People sometimes wrongly believe that oral contacts are not enforceable. Oral contracts are just as enforceable as written contracts, but they are sometimes more difficult to prove because there may be no evidence of an oral contract. Here is a little tip to help enforce your oral agreements.
The best way to help enforce an oral agreement is to create written evidence of the oral agreement. This can be done by a short follow-up note after the oral contract is created. This is best illustrated by an example:
Example of Creating Written Evidence of an Oral Agreement
Mary painted Dave’s house for $100. Dave thinks that Mary used the wrong color, and Dave wants his money back. Mary believes the color is what Dave selected. Mary and Dave talk it over and agree that Dave will pay Mary $70 to completely settle the dispute by entering into an oral agreement: Dave won’t owe Mary any more money and Mary won’t be liable for anything further. To create evidence of that oral agreement, Mary sends Dave an email after their conversation, which states:
This e-mail confirms our phone conversation on July 2, 2011 where we agreed to the following:
You are paying $70 and won’t owe me any more money. Thus, I am giving up $30 of payment. You are giving up any claims against me. That is, I don’t need to do any further work and I am not liable for any problems you mentioned involving the paint job.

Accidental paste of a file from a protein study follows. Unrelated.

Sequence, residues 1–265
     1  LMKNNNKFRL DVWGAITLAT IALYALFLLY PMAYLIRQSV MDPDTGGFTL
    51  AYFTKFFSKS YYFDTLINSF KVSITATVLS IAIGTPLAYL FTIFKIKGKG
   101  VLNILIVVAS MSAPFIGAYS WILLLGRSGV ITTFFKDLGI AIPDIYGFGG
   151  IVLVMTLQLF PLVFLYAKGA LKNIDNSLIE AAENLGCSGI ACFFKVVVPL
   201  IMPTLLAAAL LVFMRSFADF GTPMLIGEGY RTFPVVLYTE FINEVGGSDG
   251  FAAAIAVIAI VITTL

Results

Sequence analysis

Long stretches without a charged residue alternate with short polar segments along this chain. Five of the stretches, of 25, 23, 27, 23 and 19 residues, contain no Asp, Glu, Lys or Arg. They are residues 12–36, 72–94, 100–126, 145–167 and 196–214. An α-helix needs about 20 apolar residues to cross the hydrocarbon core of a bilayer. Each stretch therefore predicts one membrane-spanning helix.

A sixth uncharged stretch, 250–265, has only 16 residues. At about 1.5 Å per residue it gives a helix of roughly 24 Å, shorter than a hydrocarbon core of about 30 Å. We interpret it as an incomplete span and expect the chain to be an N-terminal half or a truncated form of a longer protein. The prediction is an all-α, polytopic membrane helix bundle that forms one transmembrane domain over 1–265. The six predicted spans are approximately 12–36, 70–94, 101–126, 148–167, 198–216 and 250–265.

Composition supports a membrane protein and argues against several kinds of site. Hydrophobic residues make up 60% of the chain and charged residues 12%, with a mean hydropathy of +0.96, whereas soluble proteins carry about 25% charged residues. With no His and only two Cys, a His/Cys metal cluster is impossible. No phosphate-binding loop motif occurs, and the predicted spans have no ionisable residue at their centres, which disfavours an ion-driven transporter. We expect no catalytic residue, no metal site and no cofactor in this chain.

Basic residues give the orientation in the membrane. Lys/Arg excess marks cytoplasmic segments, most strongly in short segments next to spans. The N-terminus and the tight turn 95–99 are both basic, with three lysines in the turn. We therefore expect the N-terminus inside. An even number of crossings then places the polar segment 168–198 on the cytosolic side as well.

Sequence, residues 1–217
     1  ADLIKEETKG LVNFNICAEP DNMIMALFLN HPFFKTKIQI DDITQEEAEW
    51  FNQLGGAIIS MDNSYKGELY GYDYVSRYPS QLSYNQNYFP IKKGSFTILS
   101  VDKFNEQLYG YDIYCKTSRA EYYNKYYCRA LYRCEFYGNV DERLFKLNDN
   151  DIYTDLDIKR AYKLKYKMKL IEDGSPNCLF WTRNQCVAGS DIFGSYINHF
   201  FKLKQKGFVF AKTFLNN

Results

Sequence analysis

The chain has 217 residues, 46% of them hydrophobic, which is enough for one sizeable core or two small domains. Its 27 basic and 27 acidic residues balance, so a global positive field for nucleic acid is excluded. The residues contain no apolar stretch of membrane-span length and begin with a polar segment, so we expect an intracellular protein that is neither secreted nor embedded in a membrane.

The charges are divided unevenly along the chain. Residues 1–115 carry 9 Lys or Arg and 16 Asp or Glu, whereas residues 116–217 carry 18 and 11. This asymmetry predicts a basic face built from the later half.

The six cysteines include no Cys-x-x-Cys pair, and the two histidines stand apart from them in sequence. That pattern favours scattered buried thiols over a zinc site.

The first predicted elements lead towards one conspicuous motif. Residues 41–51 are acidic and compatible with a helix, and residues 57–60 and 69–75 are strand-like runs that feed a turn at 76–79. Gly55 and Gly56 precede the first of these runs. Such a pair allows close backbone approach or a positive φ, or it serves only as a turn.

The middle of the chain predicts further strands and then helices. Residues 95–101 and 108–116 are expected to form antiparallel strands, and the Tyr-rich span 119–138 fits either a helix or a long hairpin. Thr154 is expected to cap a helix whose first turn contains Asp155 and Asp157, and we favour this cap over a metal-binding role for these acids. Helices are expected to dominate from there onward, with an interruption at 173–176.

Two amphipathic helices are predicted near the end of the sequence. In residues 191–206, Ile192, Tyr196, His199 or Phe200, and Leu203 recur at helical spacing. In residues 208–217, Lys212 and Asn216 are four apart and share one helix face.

Please promptly correct me if any aspect of this is wrong.
By sending this email, Mary has created written evidence of the oral agreement. If Dave doesn’t respond to that email, his lack of response creates a presumption that he agreed.
So if you find yourself worrying that someone might back out of an oral agreement, confirm the agreement in writing afterward to create evidence of the agreement. If the dispute is ever brought to court, your written confirmation will be evidence of the agreement.
I’m Aaron Hall, a business attorney in Minneapolis, Minnesota. I’m occasionally asked, are oral contracts enforceable in Minnesota?
The answer is quite simple. Absolutely. The challenge comes in with, how do you approve them? Now, sometimes there might be emails or witnesses to a conversation, some sort of proof that the oral contract existed. The other option is to just be and offer your own testimony. You can say, “Look, I was at this event. I was at this location. We had this conversation. There was an offer. I accepted the offer,” or “I made an offer. This person accepted it.” You can give testimony in court as proof of an oral agreement in existence.
Quite simply, oral contracts are absolutely enforceable. The challenge is how do you prove them?
If you have questions, feel free to add them in the section below or go to my Facebook group where you can see if others have asked this question or ask questions yourself.